Quantcast

How Solar Panels Could Transform Parking Lots and Roadways Around the World

Business

Are roads and parking lots covered with solar panels that feed power back into the grid actually feasible or does it sound like a green-energy fairy tale?

It's been about eight years since an electrical engineer and his counselor set out to show that updating our traveling infrastructure with renewable energy is more than a fantasy. Now, they're on the precipice of releasing their prototype for Solar Roadways, a system that would replace asphalt on our roads, giving them an energy production purpose.

With built-in LED lights, materials sturdy enough for vehicles and heat that would prevent the buildup of excess snow and ice, Solar Roadways is an ambitious project, to be sure. But Scott and Julie Brusaw have believers in the federal government—they have received two phases of funding from the U.S. Federal Highway Administration for research and development, including $100,000 in 2009.

"Half of our prototype parking lot is mono-crystalline, while the other half is poly-crystalline," Julie Brusaw told Gizmag. "The parking lot is equivalent to a 3,600-watt solar array. The power collected is dependent upon the amount of sunshine received. So as with all solar, it will produce more in some parts of the country and world than others."

The prototype parking lot is at the couple's electronics lab in Idaho. Textured glass covers the solar panels and circuitry, and the couple says the lot is fully operational. Next, the Brusaws will add covers for mounting holes, mastic between panels and software for LED patterns.

Solar Roadways' glass exceeded all requirements during rounds of testing for traction, load and impact resistance in civil engineering laboratories around the country.

In 2010 and 2011, the concept claimed first place in two General Electric competitions—the Ecomagination Challenge for "Powering the Grid" and the Ecomagination Challenge for "Powering the Home," respectively.

[blackoutgallery id="332285"]

Here's how the Brusaws envision things once their technology is brought to the market:

"Everyone has power. No more power shortages, no more roaming power outages, no more need to burn coal (50 percent of greenhouse gases)," they write on their site.

"Less need for fossil fuels and less dependency upon foreign oil. Much less pollution. How about this for a long term advantage: An electric road allows all-electric vehicles to recharge anywhere: rest stops, parking lots, etc. They would then have the same range as a gasoline-powered vehicle. Internal combustion engines would become obsolete. Our dependency on oil would come to an abrupt end. 

"It's time to upgrade our infrastructure—roads and power grid—to the 21st century."

——–

YOU ALSO MIGHT LIKE

Brooklyn Whole Foods Wows With Solar, Wind, EV Chargers, Greenhouse and More

——– 

EcoWatch Daily Newsletter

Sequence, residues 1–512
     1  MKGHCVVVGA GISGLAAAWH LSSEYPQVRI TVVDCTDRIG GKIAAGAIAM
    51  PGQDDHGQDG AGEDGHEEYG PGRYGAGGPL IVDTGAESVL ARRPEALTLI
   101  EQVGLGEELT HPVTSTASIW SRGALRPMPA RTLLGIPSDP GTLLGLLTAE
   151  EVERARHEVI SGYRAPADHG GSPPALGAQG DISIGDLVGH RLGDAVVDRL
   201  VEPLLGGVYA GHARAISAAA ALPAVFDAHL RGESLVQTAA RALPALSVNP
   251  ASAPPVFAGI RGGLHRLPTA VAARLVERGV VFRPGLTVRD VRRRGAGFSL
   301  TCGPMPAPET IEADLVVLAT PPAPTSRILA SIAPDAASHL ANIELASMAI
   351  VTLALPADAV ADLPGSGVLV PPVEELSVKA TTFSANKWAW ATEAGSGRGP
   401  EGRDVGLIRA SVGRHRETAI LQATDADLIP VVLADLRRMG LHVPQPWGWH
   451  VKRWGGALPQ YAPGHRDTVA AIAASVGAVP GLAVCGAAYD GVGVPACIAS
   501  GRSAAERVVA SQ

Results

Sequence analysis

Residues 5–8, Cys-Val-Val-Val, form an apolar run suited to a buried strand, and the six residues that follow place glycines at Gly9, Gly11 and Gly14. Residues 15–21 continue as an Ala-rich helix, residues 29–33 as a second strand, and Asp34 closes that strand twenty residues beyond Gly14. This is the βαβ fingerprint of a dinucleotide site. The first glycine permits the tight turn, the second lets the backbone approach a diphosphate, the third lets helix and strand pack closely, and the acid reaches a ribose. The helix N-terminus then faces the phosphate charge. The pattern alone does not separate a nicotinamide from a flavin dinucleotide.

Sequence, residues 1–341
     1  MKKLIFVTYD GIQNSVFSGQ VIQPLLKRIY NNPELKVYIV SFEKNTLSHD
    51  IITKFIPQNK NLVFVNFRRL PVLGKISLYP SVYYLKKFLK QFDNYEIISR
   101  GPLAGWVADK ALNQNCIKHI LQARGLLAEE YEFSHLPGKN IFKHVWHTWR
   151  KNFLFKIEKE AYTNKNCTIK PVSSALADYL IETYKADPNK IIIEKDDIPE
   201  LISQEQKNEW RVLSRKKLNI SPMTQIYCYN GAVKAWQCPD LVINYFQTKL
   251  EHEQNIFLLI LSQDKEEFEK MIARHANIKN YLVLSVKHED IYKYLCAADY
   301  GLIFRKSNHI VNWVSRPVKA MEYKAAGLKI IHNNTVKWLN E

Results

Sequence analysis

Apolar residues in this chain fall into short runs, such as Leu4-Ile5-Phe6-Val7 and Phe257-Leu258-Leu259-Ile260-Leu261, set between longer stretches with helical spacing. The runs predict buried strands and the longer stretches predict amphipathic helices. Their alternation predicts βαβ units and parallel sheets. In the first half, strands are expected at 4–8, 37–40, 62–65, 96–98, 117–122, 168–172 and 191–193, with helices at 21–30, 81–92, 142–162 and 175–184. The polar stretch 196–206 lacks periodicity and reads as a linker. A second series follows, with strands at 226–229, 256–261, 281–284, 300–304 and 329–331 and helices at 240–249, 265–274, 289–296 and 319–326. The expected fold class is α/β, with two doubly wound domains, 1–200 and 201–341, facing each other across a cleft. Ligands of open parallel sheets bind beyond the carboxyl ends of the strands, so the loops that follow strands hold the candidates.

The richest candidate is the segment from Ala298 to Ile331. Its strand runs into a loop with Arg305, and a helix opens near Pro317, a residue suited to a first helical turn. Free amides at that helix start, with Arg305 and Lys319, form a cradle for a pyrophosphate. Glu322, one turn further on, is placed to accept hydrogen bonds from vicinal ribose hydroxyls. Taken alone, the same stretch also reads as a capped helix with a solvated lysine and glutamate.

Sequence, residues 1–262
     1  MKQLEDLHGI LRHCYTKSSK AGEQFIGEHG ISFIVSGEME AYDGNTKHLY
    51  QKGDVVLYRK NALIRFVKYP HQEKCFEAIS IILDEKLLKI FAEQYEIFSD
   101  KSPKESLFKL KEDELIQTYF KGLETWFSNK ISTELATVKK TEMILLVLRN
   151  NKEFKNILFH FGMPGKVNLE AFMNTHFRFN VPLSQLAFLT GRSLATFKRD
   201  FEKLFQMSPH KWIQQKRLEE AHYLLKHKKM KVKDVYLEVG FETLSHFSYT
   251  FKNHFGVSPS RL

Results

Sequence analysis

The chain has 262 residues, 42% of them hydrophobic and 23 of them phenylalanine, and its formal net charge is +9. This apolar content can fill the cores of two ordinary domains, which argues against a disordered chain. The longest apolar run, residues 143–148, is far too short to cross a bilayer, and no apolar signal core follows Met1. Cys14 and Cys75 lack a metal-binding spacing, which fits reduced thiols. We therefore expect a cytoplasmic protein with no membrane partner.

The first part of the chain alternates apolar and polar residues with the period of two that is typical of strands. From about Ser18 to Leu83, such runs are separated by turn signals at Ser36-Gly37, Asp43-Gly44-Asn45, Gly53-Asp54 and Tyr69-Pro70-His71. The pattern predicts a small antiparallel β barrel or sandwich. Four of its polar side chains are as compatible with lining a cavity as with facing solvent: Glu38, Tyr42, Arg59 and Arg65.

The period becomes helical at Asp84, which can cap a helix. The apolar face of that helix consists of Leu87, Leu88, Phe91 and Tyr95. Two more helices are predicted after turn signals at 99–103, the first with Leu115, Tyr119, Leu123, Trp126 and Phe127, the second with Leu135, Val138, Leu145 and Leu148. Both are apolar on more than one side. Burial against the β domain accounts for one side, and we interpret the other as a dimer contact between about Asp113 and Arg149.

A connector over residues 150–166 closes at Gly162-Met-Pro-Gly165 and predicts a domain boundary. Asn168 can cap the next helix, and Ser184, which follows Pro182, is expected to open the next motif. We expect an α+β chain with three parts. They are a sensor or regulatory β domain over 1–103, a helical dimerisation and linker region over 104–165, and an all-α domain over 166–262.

Pexels

By Gavin Van De Walle, MS, RD

Medium-chain triglyceride (MCT) oil and coconut oil are fats that have risen in popularity alongside the ketogenic, or keto, diet.

Read More Show Less
Pexels

By Bijal Trivedi

The Centers for Disease Control and Prevention (CDC) released a report on Nov. 13 that describes a list of microorganisms that have become resistant to antibiotics and pose a serious threat to public health. Each year these so-called superbugs cause more than 2.8 million infections in the U.S. and kill more than 35,000 people.

Read More Show Less
Sponsored
Rool Paap / Flickr / CC BY 2.0

By Franziska Spritzler, RD, CDE

Inflammation can be good or bad depending on the situation.

Read More Show Less

By Joe Vukovich

Under the guise of responding to consumer complaints that today's energy- and water-efficient dishwashers take too long, the Department of Energy has proposed creating a new class of dishwashers that wouldn't be subject to any water or energy efficiency standards at all. The move would not only undermine three decades of progress for consumers and the environment, it is based on serious distortions of fact regarding today's dishwashers.

Read More Show Less

By Emily Moran

If you have oak trees in your neighborhood, perhaps you've noticed that some years the ground is carpeted with their acorns, and some years there are hardly any. Biologists call this pattern, in which all the oak trees for miles around make either lots of acorns or almost none, "masting."

Read More Show Less
Sponsored

By Catherine Davidson

Tashi Yudon peeks out from behind a net curtain at the rooftops below and lets out a sigh, her breath frosting on the windowpane in front of her.

Some 700 kilometers away in the capital city Delhi, temperatures have yet to dip below 25 degrees Celsius, but in Spiti there is already an atmosphere of impatient expectation as winter settles over the valley.

Read More Show Less

The Dog Aging Project at the University of Washington is looking to recruit 10,000 dogs to study for the next 10 years to see if they can improve the life expectancy of man's best friend and their quality of life, as CNN reported.

Read More Show Less
Warragamba Dam on Oct. 23 in Sydney, Australia. Sydney's dams have been less than 50 percent full as drought conditions continue across New South Wales. Brook Mitchell / Getty Images

While Sydney faced "catastrophic fire danger" for the first time earlier this week, and nearly 130 wildfires continue to burn in New South Wales and Queensland, Sydney now faces another problem; it's running out of water.

Read More Show Less